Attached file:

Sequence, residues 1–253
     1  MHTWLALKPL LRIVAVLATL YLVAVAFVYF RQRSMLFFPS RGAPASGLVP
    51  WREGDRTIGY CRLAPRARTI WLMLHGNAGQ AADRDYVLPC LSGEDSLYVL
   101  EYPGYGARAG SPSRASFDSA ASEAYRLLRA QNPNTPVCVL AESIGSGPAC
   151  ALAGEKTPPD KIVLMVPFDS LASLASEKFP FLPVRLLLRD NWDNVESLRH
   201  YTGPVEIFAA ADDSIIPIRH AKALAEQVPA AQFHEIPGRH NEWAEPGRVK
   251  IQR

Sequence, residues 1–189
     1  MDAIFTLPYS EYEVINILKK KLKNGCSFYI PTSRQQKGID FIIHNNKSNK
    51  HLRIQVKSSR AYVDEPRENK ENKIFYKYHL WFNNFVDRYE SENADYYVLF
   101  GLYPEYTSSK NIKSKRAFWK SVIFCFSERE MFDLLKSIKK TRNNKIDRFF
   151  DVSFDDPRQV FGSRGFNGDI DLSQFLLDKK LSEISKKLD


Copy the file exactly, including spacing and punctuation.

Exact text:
Sequence, residues 1–253
     1  MHTWLALKPL LRIVAVLATL YLVAVAFVYF RQRSMLFFPS RGAPASGLVP
    51  WREGDRTIGY CRLAPRARTI WLMLHGNAGQ AADRDYVLPC LSGEDSLYVL
   101  EYPGYGARAG SPSRASFDSA ASEAYRLLRA QNPNTPVCVL AESIGSGPAC
   151  ALAGEKTPPD KIVLMVPFDS LASLASEKFP FLPVRLLLRD NWDNVESLRH
   201  YTGPVEIFAA ADDSIIPIRH AKALAEQVPA AQFHEIPGRH NEWAEPGRVK
   251  IQR

Sequence, residues 1–189
     1  MDAIFTLPYS EYEVINILKK KLKNGCSFYI PTSRQQKGID FIIHNNKSNK
    51  HLRIQVKSSR AYVDEPRENK ENKIFYKYHL WFNNFVDRYE SENADYYVLF
   101  GLYPEYTSSK NIKSKRAFWK SVIFCFSERE MFDLLKSIKK TRNNKIDRFF
   151  DVSFDDPRQV FGSRGFNGDI DLSQFLLDKK LSEISKKLD